Medal of Honor: Airborne First Look

Just when you thought there was nothing new under the sun in the World War II genre, EA's LA studio is putting a unique spin on its storied shooter series.

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There's no doubting the continuous popularity of the World War II first-person shooter, but you couldn't exactly say the genre has driven innovation in the last few years. The typical WWII game presents a linearly designed level that relies on you following a path from a start point to an end point, and it peppers that path with hand-placed enemies and scripted action sequences that rely on you to approach them from the front, just as the designers intended. That traditional sort of design is well and good, but Electronic Arts' LA studio has had enough. With Medal of Honor: Airborne--the latest entry in the long-running WWII franchise that arguably kicked off the genre--the developers intend to do away with that linear mission structure in favor of a more dynamic experience that will hopefully give diehard fans of the genre something new to think about.

The big difference between Airborne and past WWII games--especially those in the Medal of Honor series itself--is that the new game's missions don't have specific start and end points at all. If you looked at the levels in past MOH games as resembling a line, the ones in Airborne are more like a circle. But let's back up a bit. As the title implies, the new game places you in the role of a paratrooper who's part of the Allied airborne forces that dropped behind enemy lines, often in advance of the main, ground-based invasion force, throughout the European theater of the war. Every level will thus begin with you and a bunch of other paratroopers squeezed into a C-47, awaiting the inevitable drop that begins your mission.

You only have look control while you're in the plane, so you can at least observe the nervous precombat chatter of your comrades. But the gameplay doesn't really start until you hit the open air. You'll be able to see the entire mission area below you, and as soon as you deploy your chute, you'll be able to control your descent to choose where you land on the battlefield. And this is where Airborne really diverges from the WWII pack, because your choice of landing points will determine how the mission proceeds. Each mission will have around a dozen objectives, some of which must be tackled in a set order, but how and from which direction you come at these objectives will be up to you. The specified drop zone will be visible from the air, and while your allies will always follow their orders and land in the zone, you can land anywhere--on rooftops, on towers, in the streets--and approach the tasks of each mission as you see fit. Then again, when three dozen Nazi soldiers stand between you and your goal, fighting it out solo may not be the best idea.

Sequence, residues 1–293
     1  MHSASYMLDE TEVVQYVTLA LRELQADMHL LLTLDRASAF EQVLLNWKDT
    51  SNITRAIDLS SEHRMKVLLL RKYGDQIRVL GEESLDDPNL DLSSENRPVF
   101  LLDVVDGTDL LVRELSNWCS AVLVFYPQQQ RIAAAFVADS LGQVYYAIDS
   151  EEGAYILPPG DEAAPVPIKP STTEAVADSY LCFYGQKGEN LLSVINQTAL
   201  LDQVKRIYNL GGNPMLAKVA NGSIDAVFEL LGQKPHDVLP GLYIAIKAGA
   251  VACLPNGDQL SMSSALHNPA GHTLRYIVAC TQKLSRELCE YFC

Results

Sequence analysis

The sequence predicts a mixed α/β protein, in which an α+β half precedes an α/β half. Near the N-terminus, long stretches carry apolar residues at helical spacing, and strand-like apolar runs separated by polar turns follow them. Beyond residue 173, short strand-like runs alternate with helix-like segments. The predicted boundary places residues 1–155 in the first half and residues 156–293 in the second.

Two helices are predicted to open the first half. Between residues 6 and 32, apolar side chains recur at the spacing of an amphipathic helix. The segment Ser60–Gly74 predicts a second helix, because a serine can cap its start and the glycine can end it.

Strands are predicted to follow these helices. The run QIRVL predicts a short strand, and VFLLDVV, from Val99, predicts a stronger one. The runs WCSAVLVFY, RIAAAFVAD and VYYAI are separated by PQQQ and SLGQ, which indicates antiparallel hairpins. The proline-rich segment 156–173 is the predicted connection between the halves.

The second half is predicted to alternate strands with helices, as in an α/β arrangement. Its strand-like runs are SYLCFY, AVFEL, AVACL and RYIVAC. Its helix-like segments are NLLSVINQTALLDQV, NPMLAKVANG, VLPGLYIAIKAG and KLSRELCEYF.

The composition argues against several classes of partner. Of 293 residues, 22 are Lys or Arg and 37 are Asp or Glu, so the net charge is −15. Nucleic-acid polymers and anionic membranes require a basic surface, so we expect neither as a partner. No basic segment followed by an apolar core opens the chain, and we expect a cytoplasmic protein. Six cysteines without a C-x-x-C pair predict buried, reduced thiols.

EA played a demo for us set during the famed Operation Husky--in which the Allies led a very costly invasion of Sicily that took two years to prepare for--so we could see how all this is coming together. You won't be able to draw a weapon while you're dropping, so your attention will be focused entirely on where you're going to hit the dirt. It sounds like there will be some finesse involved in landing smoothly, because if you flare or cut your chute at the wrong time, you'll hit the ground too hard or you'll need extra time to get out of your gear. But if you perform a perfect landing, you'll have your weapon at the ready almost the instant your feet touch down. Some objectives will be set in stone, while others will be rolled out based on where you are and what you're doing in the level--but luckily, if you're killed before you complete any goals, you'll restart in the plane so you can try a different landing strategy the next time around.